In addition to the Simojoki River, other river water bodies worth mentioning are the Ranuanjoki, Luiminkajoki and Siuruanjoki rivers in the southern part of the municipality, which are all tributaries of the Iijoki River. The Paattinkijoki and Piittisjoki rivers, which flow in the north, belong to the Kemijoki watershed. Near the center of the municipality, the Kivijoki River flows into large marshes, flowing into the Kuivajoki River, which originates from Kivijärvi in ​​Vilmilä. The small tributaries of the Kivijoki are the Nuupasjoki and the Heinijoki.

In addition to Simojärvi, other lakes worth mentioning are Näskäjärvi, Penämönjärvi, Impiönjärvi and Ranuanjärvi in ​​the center of the village, which flows through Takajärvi all the way to Iijoki.

Lake Näskäjärvi and other lakes in the northernmost parts of the municipality (for example, Paattinkijärvi and Piittisjärvi) discharge their water into the Kemijoki. Penämönjärvi, Impiönjärvi and others found in the eastern parts of our locality, in turn, drain their water through rivers and streams to Simojärvi.

On the middle course of the Simojoki River north of the church village are a number of small lakes, such as Toljanjärvi, Kuopasjärvi, Saukkojärvi and Portimojärvi. To the southeast of Kirkonkylä is a series of elongated small lakes. These include Kuhajärvi, Luiminkajärvi, Petäjäjärvi and Kuukasjärvi. These lakes and other water bodies in the southern parts of the municipality flow through the Siuruan, Luiminka and Ranuanjoki rivers up to the Iijoki.

The largest groundwater areas in our locality can be found on the eastern side of Lake Simojärvi and in the ridge areas in the southeastern parts of the municipality. However, these groundwater resources as a whole are quite modest compared to, for example, the groundwater reserves of the neighboring municipalities of Posio and Pudasjärvi.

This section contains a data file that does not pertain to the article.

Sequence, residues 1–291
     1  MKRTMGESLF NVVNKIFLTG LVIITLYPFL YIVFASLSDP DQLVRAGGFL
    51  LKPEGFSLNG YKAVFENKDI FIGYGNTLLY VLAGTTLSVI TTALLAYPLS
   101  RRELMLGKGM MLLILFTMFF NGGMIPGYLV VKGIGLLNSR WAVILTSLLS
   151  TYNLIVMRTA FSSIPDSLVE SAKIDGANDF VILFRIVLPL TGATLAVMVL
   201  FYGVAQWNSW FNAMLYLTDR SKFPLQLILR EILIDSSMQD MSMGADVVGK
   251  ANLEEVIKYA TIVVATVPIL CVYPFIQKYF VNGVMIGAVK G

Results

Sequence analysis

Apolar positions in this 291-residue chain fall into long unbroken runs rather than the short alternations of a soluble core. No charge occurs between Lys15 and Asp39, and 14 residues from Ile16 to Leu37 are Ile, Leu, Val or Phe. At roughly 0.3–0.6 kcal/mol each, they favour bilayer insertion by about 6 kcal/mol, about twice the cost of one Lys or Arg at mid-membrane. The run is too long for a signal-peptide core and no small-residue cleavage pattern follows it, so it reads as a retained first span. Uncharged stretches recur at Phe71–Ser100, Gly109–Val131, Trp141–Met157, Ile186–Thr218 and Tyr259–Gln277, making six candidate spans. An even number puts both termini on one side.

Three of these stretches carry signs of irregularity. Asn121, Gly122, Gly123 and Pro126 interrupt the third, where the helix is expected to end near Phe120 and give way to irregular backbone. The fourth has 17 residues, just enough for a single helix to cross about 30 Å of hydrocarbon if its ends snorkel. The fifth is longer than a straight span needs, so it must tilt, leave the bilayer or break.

Villages of Ranua

In addition to our town center, we also have many interesting and vibrant small villages that are located all over the municipality. You can read more about the villages and their activities in the guest blog written by Tuula Nurmela, which deals with the villages of Ranua from the perspective of village tourism. This blog post is currently only available in Finnish.

Business in Ranua

Entrepreneurship has played an important role in Ranua for decades, and despite the declining population, there are still dozens of vibrant and growing companies in our area that play a significant role not only as taxpayers but also as employers of local people. Indeed, the largest local companies employ dozens of people in our locality alone.

In addition to the zoo, there are many other significant companies in our area, such as the furniture company Veke (formerly Veken kaluste), Ranuan Tarvikekeskus Oy, which specializes in machinery, Pohjoisen Auto Oy, Oy, ASWood Oy, Jarcrac Forest Oy and Konehakkuut Juha Piri Oy.